This proposal studies how a key innate immune receptor, Nlrp3, contributes to renal tubular epithelial (RTE) cell injury in a murine model of renal ischemia reperfusion (IR) injury. The project is highly significant for clinical obligate ischemic kidney injury (e.g., as in donor kidneys harvested for transplantation). Broad/long-term objectives: The long-term goals of the proposed research are to define how Nlrp3 contributes to injurious tissue responses in the kidney.
Specific Aims : The specific objective of this proposal is to test the hypothesis that the cytoplasmic PRR Nlrp3 is a key contributor to RTE cell damage induced by renal IR injury.
Aim 1 asks whether Nlrp3 activation directs RTE cell injury, defines the signaling events that lead to this injury, and determines whether Nlrp3 blockade prevents RTE cell injury.
Aim 2 asks whether activation of Nrp3 contributes to renal IR injury primarily through direct (local) or indirect (systemic) mechanisms. Research Design and Methods for Achieving the Stated Goals:
Aim 1 will test how ligation of Nlrp3 injures RTE cells, whether the Nlrp3 activating stimulus directs the mode of RTE cell injury, how molecules released from necrotic cells (DAMPs) activate Nlrp3-mediated injury of healthy RTE cells, and whether RTE cell injury can be blocked by either blocking Nlrp3 or one of its upstream activating pathways. In vivo IR injury incorporates other mediators of tissue injury, such as inflammation, so aim 2 focus on whether Nlrp3 activation plays a broader role in the kidney by separating local (kidney injury) from systemic (inflammation). Direct (local, kidney specific) effects are separated from indirect (systemic) effects in a kidney transplant model where injury responses of the Nlrp3-/- transplanted kidney are studied in a wild type (WT) host, and WT kidney injury studied in a Nlrp3-/- host. Health Relatedness of Project: If the aims of this proposal are met we will learn how molecules released from injured tissue activate Nlrp3-dependent injurious responses in the kidney. This knowledge is crucial for the development of rational target therapies for prevention or amelioration of renal IR injury in clinical situations where hypoxia is anticipated (e.g., pretreatment of donor kidneys prior to harvest for transplantation). Focusing on the earliest events of ischemic kidney injury holds the greatest promise for effective therapeutic strategies.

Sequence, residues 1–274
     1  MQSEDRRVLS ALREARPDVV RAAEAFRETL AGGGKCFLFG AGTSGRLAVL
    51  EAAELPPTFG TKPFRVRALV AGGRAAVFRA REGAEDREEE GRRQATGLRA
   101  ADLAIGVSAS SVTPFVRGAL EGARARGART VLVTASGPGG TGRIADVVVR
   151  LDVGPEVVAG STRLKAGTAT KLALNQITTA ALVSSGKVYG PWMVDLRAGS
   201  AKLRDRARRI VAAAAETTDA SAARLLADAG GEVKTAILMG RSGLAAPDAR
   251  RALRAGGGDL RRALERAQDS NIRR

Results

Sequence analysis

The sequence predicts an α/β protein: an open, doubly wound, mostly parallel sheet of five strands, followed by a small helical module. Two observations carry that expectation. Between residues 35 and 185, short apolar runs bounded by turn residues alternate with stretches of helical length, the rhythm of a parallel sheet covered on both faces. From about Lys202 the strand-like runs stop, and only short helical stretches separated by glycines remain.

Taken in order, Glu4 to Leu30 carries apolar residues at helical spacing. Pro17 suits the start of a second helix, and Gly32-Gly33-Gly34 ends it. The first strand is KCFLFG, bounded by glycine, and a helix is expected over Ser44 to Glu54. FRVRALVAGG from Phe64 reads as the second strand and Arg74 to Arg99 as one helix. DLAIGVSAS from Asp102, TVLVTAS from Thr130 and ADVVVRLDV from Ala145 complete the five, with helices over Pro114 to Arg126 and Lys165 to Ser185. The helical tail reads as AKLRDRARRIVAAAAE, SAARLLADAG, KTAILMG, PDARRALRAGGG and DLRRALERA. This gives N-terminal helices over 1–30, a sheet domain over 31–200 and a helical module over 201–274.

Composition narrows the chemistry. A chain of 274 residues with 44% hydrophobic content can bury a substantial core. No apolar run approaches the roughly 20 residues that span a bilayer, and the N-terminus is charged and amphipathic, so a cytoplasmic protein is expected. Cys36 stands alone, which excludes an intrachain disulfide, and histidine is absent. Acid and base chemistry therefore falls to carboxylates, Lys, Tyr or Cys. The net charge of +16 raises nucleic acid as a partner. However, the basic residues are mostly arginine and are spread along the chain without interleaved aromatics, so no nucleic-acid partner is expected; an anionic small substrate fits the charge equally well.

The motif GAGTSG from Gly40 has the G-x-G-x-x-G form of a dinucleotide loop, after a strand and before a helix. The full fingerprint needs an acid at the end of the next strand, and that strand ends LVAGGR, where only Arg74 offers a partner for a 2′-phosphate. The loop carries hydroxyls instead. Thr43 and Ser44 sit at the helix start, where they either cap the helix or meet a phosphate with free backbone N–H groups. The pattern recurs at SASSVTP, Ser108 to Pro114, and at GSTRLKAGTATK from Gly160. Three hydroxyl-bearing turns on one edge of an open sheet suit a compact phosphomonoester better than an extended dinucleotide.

Renal ischemia/reperfusion injury (IRI) is unavoidable during the harvest of donor organs for transplantation and mechanistic evolutions are urgently needed in order to develop preventive and therapeutic strategies. The PI's laboratory has found that blockade of an intracellular receptor (Nlrp3) prevents injury to the kidney following experimental reduction of blood flow. The proposed project examines the mechanisms by which this novel molecular target contributes to obligate hypoxic kidney injury.
|Kasimsetty, Sashi G; DeWolf, Sean E; Shigeoka, Alana A et al. (2014) Regulation of TLR2 and NLRP3 in primary murine renal tubular epithelial cells. Nephron Clin Pract 127:119-23|
|Bonventre, Joseph V; Basile, David; Liu, Kathleen D et al. (2013) AKI: a path forward. Clin J Am Soc Nephrol 8:1606-8|
|Cheung, Kitty P; Kasimsetty, Sashi G; McKay, Dianne B (2013) Innate immunity in donor procurement. Curr Opin Organ Transplant 18:154-60|